Gaelic Name: MacFhearchair
Chief of the Clan
Captain Alwyne Farquharson of Invercauld, MC
16th Chief of Clan Farquharson
- Fide et fortitudine (Fidelity and Fortitude),
I force nae freen, I fear nae foe (I force no friend, I fear no foe)
- Carn-na-chuimhne (Cairn of Remembrance)
All clansmen are entitled to wear this distinctive insignia described as: On a chapeau, Gules furred Ermine, a demi-lion Gules holding in his dexter paw a sword proper. The crest is encircled by a strap and buckle bearing the clan motto,
Fide et Fortitudine
Most Clan Crest Badges that you see for sale by reputable vendors of Scottish merchandise are designs of authentic representations taken from the Coat of Arms of the Chiefs of the clans or heads of considerable families. These designs have subsequently been approved by The Standing Council of Scottish Chiefs.
Every Clan Chief or family head has a Coat of Arms, granted or confirmed by the Lord Lyon King of Arms. These arms are matriculated in the Public Register of all Arms and Bearings in Scotland. The Register, which was established in 1592, is kept in the Court of the Lord Lyon in Edinburgh and is acknowledged as being the most magnificent heraldic manuscript in Europe.
In ancient times it was the custom for Chiefs to give their followers a metal plate of their crest to wear as a badge to show their clan allegiance, and it was affixed to their clothing by a strap and buckle. When not in use this buckle and strap was coiled around the crest. This past convention constitutes the present form of the Clan Crest Badge; the strap and buckle with the Chiefs motto inscribed thereon denoting a clansman or clanswoman. Only a Chief or his heirs wears his Crest without the strap and buckle. The use of the Chiefs full Coat of Arms is reserved for the personal use of the Chief only.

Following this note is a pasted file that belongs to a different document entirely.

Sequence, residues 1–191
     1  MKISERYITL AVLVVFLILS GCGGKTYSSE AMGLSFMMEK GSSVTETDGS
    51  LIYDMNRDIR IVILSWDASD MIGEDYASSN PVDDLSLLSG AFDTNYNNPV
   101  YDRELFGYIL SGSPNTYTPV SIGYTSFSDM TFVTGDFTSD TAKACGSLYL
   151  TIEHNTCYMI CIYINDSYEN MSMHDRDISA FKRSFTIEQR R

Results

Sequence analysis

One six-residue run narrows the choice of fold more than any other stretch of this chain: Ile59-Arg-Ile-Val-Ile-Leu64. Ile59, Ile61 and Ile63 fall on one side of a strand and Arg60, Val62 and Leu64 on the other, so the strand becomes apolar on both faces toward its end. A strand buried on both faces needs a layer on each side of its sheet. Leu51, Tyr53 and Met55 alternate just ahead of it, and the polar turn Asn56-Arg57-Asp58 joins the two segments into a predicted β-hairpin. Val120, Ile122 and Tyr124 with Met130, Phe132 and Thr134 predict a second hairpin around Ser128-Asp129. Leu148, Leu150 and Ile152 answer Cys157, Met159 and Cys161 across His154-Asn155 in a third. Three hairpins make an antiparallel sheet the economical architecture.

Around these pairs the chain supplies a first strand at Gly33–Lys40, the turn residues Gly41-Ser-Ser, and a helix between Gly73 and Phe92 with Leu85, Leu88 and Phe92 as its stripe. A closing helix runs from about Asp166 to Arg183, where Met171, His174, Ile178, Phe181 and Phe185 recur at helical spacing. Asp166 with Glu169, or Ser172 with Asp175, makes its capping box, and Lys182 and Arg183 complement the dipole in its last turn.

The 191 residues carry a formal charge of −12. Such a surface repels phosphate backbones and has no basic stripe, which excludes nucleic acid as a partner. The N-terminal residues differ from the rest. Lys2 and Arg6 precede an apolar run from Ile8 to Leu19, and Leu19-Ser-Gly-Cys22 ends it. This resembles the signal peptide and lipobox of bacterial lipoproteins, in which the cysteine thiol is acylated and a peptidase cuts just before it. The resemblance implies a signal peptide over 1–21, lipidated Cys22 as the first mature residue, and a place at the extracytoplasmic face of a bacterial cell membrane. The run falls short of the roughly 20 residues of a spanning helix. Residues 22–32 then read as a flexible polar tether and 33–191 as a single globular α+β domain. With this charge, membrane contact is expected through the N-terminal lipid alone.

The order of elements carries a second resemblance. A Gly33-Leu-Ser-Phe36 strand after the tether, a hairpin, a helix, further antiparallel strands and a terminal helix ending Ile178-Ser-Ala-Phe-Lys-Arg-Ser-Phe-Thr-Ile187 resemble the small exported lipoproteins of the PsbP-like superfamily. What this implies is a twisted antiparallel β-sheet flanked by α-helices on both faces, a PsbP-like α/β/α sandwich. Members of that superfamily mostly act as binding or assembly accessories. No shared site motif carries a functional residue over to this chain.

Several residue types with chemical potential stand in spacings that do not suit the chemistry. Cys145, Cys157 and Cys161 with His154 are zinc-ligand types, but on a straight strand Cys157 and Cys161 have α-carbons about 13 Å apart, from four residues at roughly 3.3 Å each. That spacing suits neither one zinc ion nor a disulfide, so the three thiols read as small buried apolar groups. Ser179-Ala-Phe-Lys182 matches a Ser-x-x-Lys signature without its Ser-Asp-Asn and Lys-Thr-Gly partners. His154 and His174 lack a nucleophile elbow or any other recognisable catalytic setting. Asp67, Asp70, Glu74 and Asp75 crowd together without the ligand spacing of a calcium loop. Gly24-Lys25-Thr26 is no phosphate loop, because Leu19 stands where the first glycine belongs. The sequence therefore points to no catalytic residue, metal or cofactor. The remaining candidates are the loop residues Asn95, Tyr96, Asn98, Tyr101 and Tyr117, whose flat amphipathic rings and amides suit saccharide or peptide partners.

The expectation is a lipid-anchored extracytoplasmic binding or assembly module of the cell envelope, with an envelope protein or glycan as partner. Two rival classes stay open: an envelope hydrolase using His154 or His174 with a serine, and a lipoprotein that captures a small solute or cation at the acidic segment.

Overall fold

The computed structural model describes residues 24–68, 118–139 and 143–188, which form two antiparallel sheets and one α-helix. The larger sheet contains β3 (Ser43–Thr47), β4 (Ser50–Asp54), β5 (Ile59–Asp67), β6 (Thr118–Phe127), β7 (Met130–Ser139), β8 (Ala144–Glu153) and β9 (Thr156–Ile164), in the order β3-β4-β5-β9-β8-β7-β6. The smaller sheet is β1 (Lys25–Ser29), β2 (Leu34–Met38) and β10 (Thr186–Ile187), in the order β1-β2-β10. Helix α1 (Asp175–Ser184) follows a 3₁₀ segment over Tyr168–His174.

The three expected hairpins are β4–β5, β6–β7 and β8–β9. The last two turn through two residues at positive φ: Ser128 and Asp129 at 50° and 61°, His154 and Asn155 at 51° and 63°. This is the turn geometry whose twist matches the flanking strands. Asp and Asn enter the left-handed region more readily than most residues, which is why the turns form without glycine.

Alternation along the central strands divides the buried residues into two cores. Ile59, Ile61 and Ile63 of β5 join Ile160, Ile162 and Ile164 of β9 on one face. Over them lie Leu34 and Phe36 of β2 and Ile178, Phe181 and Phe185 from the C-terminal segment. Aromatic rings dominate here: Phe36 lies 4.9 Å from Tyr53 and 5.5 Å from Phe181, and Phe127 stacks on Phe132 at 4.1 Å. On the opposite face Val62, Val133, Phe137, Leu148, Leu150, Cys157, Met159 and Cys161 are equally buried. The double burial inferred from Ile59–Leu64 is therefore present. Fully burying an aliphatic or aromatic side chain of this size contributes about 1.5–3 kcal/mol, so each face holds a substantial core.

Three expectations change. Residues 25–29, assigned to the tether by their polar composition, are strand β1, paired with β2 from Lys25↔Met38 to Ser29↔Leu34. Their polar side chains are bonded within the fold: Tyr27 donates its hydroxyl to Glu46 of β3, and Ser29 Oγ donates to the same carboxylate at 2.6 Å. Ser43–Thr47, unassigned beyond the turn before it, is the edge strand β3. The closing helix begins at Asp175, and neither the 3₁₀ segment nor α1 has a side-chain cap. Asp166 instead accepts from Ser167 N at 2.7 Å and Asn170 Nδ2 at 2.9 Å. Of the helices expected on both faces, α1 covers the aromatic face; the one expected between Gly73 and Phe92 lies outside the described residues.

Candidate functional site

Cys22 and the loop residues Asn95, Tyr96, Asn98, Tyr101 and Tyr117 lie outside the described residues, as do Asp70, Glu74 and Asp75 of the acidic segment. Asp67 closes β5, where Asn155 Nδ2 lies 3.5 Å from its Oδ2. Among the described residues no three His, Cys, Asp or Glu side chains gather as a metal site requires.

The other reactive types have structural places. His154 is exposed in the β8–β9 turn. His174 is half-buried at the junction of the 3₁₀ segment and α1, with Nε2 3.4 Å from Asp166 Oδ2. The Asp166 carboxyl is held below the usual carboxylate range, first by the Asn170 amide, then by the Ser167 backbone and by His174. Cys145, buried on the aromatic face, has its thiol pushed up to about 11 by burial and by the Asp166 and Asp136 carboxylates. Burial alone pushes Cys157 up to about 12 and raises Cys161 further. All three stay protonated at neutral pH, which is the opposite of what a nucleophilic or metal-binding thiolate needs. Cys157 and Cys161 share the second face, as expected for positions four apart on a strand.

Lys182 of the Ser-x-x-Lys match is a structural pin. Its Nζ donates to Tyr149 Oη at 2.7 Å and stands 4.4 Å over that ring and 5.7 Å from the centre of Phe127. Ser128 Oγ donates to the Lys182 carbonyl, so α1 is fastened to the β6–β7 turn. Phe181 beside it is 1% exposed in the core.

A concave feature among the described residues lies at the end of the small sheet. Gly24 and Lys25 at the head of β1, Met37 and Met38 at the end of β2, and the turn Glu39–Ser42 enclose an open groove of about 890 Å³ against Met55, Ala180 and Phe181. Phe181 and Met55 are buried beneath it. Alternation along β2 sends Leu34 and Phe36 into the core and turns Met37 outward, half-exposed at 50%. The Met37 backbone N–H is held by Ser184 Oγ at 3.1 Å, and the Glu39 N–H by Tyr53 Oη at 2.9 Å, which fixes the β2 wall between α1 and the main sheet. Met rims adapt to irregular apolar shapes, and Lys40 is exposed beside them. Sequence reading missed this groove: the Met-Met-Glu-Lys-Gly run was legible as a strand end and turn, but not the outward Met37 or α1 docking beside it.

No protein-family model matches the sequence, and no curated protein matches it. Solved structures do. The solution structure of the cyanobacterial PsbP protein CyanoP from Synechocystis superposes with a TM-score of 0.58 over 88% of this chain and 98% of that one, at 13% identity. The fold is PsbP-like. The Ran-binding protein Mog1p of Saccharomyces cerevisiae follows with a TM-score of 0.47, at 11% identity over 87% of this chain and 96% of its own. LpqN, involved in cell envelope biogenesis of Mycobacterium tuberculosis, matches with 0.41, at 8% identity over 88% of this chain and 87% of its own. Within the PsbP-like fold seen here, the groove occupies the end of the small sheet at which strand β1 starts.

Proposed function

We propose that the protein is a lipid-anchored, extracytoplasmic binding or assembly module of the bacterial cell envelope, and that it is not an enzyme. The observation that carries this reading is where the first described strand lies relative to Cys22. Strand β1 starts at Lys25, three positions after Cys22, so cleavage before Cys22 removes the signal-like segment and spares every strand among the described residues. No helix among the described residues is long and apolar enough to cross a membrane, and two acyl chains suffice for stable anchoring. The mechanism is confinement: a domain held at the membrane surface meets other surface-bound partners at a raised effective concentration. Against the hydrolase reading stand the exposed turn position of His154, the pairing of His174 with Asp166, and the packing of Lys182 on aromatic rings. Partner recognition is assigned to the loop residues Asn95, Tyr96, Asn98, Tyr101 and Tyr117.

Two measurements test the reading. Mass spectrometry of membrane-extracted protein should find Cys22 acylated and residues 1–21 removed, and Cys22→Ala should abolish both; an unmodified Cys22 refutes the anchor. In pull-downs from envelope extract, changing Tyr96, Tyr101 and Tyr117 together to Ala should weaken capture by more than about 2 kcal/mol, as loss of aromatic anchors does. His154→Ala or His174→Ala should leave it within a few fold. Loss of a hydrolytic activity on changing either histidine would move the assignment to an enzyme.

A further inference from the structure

Clan Septs and dependents comprise those who were descended from the Chief through the female line and consequently bore a different surname, and those who sought and obtained the protection of the clan and became dependents. Therefore anyone who has an ancestor bearing a sept name, or the clan name itself, has the privilege of wearing or displaying the belted crest badge, and indeed only they may legitimately wear this authentic ancient device.
Anyone to whom this study is of interest should read, “The Clan Septs and Regiments of the Scottish Highlands” by Frank Adams and Innes of Learney, “The Tartans of The Clans and Families of Scotland” by Innes of Learney and “The Surnames of Scotland” by George F. Black, PhD.
*Reprinted partially by kind permission of Art Pewter Silver, LTD.